IL bill capping hospital fees to uninsured may fail

In Illinois, it was looking as though the legislature was about to pass landmark hospital pricing legislation, a measure that would cap fees to uninsured hospital patients as well as giving patients up to a fairly high income level discounts on their care and a ceiling on how much they would spend per year. The bill came together after a year or more of negotiation between interested parties, including the Illinois Hospital Association, and passed both houses. However, it's now looking like the bill may not pass anytime soon, since Gov. Rod Blagojevich vetoed the it with several amendments that expand its scope substantially.

As written, the bill would have provided discounts on bills and caps on annual hospital spending to about 775,000 families in the state. It would have required the state's hospitals to charge most patients without insurance actual costs plus a 35 percent markup, rather than two to three times the actual cost as is common now. Gov. Blagojevich cut the 35 percent to 20 percent, and required that patients earning less than 200 percent of the poverty level, or $42,400 for a family of four, wouldn't pay any markup at all.

The governor also changed the income levels at which discounts would kick in, changes that hospitals suggested would make virtually every uninsured patient in the state eligible for assistance. In the original version, urban families earning up to 600 percent of the federal poverty level, or $127,200 for a family of four, would have qualified for hospital discounts and the annual hospital spending cap. Blagojevich raised the earnings limit for discounts and caps to 800 percent, or $169,600, while for rural families, he raised the eligibility level from 300 percent, or $63,600 for a family of four, to 600 percent.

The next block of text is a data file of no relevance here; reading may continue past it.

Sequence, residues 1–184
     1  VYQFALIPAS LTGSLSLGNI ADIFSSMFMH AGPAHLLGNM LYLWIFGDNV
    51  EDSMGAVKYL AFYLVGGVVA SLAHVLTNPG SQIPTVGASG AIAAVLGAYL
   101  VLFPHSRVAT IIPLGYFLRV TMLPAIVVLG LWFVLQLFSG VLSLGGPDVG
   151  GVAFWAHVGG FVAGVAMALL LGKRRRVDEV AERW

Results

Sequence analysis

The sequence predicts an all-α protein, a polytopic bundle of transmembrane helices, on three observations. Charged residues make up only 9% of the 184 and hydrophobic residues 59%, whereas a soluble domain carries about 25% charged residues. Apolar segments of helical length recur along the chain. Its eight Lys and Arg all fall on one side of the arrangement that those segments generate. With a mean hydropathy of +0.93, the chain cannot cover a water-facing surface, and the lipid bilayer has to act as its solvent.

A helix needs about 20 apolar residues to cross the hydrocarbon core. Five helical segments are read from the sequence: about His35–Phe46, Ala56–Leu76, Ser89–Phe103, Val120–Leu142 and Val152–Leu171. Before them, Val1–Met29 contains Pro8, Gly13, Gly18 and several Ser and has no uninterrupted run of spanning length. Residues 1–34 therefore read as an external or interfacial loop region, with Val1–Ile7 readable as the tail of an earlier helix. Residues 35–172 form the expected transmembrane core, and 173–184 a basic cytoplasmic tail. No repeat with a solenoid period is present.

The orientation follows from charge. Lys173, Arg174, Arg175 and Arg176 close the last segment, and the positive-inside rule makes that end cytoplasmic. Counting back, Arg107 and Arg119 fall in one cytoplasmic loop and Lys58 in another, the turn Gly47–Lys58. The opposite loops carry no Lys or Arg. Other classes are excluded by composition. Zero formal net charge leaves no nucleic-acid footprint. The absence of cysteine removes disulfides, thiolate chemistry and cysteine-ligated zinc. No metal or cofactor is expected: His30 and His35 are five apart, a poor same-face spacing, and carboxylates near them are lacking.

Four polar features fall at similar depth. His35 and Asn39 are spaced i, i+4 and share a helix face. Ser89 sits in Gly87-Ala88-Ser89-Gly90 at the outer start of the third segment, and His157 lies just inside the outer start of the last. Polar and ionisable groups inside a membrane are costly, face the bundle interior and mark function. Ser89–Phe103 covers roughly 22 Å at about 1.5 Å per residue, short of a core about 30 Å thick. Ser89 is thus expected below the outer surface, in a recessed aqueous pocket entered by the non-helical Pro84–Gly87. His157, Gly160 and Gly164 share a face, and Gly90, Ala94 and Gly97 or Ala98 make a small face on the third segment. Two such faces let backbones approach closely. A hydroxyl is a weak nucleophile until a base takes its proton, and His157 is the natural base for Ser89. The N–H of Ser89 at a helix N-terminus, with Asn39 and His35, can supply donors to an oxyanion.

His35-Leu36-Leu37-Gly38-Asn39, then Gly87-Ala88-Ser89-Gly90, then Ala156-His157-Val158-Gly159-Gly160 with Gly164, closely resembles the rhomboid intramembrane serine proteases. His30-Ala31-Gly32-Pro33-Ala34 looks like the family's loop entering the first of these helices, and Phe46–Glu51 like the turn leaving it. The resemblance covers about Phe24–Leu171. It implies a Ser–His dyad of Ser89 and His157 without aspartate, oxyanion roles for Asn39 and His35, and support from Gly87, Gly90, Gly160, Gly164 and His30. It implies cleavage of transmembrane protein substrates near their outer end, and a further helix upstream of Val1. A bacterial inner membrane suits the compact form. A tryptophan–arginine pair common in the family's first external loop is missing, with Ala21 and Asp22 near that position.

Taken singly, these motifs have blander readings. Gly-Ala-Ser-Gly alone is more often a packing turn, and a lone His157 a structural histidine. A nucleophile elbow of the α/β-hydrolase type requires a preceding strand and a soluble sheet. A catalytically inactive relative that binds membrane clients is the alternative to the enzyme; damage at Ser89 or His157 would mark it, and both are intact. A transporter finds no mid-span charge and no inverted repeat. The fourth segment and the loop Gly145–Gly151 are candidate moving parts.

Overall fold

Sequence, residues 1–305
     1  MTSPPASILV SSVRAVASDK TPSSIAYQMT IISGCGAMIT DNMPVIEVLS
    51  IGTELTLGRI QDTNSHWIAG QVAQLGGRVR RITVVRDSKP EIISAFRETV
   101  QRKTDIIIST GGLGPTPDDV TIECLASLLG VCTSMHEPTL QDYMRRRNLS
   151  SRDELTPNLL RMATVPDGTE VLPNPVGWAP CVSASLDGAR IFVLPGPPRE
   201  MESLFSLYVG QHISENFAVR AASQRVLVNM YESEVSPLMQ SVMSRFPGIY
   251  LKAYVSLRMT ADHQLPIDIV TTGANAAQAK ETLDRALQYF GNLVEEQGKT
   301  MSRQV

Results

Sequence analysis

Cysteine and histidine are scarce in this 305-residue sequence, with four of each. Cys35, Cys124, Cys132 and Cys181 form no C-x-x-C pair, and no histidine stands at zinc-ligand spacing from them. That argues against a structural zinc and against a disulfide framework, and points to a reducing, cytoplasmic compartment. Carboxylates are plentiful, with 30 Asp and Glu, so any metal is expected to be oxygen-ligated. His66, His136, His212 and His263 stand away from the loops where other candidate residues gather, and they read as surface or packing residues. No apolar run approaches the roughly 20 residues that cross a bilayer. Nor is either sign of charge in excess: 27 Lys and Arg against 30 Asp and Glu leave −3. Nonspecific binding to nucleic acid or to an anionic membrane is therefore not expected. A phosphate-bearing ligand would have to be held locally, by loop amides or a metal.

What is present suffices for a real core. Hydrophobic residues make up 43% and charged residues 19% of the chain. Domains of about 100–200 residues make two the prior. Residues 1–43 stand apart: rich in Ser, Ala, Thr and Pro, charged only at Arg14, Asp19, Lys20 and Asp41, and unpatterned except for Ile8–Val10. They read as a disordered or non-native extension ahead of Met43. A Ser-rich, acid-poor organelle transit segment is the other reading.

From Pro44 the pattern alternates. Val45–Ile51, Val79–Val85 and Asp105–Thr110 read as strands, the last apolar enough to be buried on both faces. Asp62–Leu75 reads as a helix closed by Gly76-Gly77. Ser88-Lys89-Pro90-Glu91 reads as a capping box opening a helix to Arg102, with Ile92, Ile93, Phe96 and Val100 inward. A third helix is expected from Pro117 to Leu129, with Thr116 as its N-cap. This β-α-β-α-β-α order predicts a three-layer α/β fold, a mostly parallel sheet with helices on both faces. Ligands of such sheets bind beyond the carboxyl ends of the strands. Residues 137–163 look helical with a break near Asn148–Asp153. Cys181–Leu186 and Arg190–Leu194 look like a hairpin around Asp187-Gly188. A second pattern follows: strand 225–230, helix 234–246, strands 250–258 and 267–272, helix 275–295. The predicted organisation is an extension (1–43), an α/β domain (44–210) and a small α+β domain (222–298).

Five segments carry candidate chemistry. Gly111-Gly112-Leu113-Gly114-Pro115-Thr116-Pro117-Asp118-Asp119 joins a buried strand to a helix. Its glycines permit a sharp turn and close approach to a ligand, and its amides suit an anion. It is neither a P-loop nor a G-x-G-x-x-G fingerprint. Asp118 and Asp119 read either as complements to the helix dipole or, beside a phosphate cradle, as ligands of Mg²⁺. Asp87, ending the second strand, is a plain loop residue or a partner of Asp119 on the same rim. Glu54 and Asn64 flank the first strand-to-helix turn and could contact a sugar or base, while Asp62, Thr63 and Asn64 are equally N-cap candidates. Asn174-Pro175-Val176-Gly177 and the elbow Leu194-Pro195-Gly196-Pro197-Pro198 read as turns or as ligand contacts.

The bill's sponsors plan to refile a measure with the original terms, though the changes may mean that it won't be considered until next year.

To learn more about the bill:
- read this Chicago Tribune piece

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